72. The BA set used by firefighters, which was first issued by the SFRS in 2016, was described by many of those we interviewed as being overly complex to operate and maintain and prone to defects. This particular issue was not subject to examination or inspection by ourselves as part of this inspection. As such we present this as a commonly held perception which we believe deserves further consideration by the SFRS. We were also made aware of a shortage of spare cylinders in some areas; this was said to impact on training, particularly in more remote areas, as crews are keeping charged cylinders available for operational use and there is limited access to cylinder charging compressors. A BA van, based at a station in Edinburgh, is used to transport replacement cylinders when required. Due to a lack of personnel within the Edinburgh area, this vehicle is now frequently unavailable, which is also having an impact on cylinder availability. In some areas fire appliances are being used to move cylinders, we would ask the Service to consider the economic and environmental impact of such an approach and aim to introduce a more suitable solution.
73. A consistent finding in our past inspection reports is the poor opinion that firefighters have of the fire-ground radios and the number of radios available. This continues to be the case. We are aware that the SFRS has plans to replace the current radios with a new digital format. At the time of our fieldwork the project had been running for several years and we were unsighted on its development. At the time of writing, we now understand that a contract for new radios has recently been awarded. We welcome this news; however, given the impact that this is having across all areas of operational response, we would urge the Service to complete the roll-out of this new equipment as a priority.
74. A frequent comment made by crews was that the provided structural fire PPE was good, but not practical for use at wildfire incidents. The structural PPE can cause the wearer to overheat when working over rough terrain. It was felt that lighter weight wildfire PPE was more appropriate. Some crew members had access to legacy Service-issued lightweight PPE which could be used at a wildfire; however, this PPE was not available to everyone, creating a mix of types and standards of PPE at this type of incident. The Service has plans to issue wildfire PPE to personnel at designated wildfire stations. However, given the scale of the response required to the wildfires during 2022 this will still result in most firefighters having to respond to incidents wearing PPE that is not ideally suited to that type of incident. We recognise that beyond the cost implications of providing all personnel with wildfire PPE there would be other practical difficulties such as those related to a lack of storage for these garments.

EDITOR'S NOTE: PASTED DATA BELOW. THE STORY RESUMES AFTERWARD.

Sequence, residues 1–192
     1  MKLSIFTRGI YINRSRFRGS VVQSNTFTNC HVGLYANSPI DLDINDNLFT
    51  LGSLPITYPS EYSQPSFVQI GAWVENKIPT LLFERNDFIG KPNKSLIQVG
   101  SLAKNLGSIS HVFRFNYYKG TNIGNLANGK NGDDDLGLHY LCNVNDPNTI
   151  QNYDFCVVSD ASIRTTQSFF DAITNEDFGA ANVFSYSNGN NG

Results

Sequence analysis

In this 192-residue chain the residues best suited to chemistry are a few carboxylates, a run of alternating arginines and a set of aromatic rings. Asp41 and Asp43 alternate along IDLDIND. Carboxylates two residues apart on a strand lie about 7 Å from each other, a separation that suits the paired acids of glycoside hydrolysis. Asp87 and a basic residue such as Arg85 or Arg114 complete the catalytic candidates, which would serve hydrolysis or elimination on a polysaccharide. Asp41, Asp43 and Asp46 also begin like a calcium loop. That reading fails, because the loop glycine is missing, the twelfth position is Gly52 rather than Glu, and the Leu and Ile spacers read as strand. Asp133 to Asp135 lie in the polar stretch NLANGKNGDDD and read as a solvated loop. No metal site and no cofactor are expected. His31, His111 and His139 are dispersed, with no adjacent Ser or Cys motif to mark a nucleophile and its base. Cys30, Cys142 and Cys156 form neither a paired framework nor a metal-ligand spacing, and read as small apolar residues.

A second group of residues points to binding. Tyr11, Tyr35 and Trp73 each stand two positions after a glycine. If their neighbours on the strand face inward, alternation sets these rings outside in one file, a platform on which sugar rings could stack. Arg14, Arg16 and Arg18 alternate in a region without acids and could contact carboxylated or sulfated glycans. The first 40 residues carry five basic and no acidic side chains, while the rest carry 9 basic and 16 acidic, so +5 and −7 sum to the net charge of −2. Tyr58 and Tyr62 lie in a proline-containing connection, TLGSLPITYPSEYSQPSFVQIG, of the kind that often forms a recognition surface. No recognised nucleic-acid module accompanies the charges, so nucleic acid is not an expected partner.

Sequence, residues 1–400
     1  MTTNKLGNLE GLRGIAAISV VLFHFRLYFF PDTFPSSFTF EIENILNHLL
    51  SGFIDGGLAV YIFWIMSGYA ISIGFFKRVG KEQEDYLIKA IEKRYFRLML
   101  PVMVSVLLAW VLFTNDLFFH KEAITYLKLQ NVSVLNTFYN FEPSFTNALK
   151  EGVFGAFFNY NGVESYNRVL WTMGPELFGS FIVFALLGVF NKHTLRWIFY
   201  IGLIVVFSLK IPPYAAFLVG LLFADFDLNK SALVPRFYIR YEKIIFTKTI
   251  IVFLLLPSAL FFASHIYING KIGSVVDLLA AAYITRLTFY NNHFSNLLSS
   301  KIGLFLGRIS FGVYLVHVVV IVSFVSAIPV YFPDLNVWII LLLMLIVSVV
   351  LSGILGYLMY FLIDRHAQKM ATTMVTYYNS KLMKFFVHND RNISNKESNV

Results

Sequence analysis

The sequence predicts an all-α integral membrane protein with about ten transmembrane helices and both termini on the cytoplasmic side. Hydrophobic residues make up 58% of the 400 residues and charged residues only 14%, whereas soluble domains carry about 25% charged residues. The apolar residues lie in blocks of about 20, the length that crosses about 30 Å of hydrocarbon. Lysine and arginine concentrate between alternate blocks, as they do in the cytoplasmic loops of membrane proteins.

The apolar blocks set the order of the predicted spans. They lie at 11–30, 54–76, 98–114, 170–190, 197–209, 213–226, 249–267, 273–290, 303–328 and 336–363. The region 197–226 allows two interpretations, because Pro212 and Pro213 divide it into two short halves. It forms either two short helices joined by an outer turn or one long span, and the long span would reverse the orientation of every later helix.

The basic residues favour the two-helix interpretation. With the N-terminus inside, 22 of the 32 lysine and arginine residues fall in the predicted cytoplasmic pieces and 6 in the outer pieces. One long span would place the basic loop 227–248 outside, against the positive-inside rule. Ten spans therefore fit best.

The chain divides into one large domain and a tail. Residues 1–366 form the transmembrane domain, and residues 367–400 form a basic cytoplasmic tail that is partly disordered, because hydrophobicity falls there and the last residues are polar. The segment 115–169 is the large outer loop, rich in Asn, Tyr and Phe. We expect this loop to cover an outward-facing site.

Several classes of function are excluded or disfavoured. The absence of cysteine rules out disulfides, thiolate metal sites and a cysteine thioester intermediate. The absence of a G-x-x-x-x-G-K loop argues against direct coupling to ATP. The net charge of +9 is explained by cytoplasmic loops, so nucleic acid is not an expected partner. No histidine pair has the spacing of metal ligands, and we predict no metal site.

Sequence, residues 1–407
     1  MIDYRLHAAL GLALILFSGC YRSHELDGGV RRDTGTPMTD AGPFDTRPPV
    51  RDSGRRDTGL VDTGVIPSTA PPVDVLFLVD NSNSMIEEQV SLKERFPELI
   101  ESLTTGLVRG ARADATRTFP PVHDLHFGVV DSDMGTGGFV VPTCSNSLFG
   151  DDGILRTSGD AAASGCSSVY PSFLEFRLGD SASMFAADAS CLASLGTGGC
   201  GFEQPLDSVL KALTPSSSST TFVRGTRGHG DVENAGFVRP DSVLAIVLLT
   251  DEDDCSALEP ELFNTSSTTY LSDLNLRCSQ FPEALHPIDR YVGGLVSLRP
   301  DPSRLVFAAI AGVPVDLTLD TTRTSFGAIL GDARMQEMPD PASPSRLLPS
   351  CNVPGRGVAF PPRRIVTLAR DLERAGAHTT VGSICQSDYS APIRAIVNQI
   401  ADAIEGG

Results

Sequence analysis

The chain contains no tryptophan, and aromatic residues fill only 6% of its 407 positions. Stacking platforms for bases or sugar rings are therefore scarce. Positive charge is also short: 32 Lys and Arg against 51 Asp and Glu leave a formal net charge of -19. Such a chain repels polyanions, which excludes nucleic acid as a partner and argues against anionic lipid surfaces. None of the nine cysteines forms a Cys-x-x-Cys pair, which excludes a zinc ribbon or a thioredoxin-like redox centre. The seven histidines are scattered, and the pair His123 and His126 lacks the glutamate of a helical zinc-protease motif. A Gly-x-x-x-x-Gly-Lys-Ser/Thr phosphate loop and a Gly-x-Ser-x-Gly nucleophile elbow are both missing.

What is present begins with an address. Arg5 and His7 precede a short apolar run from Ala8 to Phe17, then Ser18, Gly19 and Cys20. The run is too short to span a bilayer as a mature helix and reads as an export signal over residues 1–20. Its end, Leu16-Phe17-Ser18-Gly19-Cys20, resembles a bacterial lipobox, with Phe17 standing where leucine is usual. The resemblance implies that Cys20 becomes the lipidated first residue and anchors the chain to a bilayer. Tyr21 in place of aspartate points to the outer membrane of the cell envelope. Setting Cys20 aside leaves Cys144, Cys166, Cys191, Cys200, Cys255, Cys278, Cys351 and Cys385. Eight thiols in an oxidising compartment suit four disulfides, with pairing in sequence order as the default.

75. Although not related to the response function, members of the Service's community engagement staff reported a lack of suitable wet weather PPE and for some, particularly Community Safety Advocates, a lack of drill ground PPE when participating in youth fire skills courses.
76. We were advised of the difficulties experienced at some stations augmenting or changing the standard equipment provided on appliances, even when there was an identified local need. Whilst there are clear benefits in having a standard inventory, we are of the view that as risk is not standard across the country, there will be times when non-standard equipment is required, and local operational needs must receive clear recognition.
77. We were made aware of On-Call appliances, based at Wholetime stations, not receiving equipment on the basis that a Wholetime pump based at the same station has the equipment in question. This situation fails to recognise that the Wholetime appliance may not be available, or may be in attendance at another incident, leaving the On-Call appliance to have to 'make up' for the equipment not carried, such as a thermal imaging camera, leading to a possible delay.
78. In the reporting year 2021-22 the Service in the East attended 1,497 incidents of effecting entry or exit. Equipment regularly cited as being of use at these incidents, but not usually available, was specialised door opening equipment. It was felt by crews that being able to use this equipment would be more effective, by removing the lock, and cause less damage than the Service-provided door entry breaking-in equipment.
79. We were made aware of limited instances where there had been an exceptionally long delay in getting equipment repaired or replaced.
Operational Intelligence (OI)
80. The SFRS has a statutory duty to obtain information which may be required by its personnel in carrying out their operational role. When information is created, either by collection as part of that duty or through the writing of an operational policy, such as a Standard Operating Procedure (SOP) for an incident type, it is made available to firefighters through a demountable tablet device within the cab of the fire appliance.
81. The provision of up-to-date and accurate information to its firefighters is important in effectively responding to incidents when they occur. We saw varying quantities of available information across the LSO areas. There are processes in place for firefighters to collect OI; however, we noted that in areas covered by On-Call appliances, firefighters from those stations are less likely to be involved in the collection process.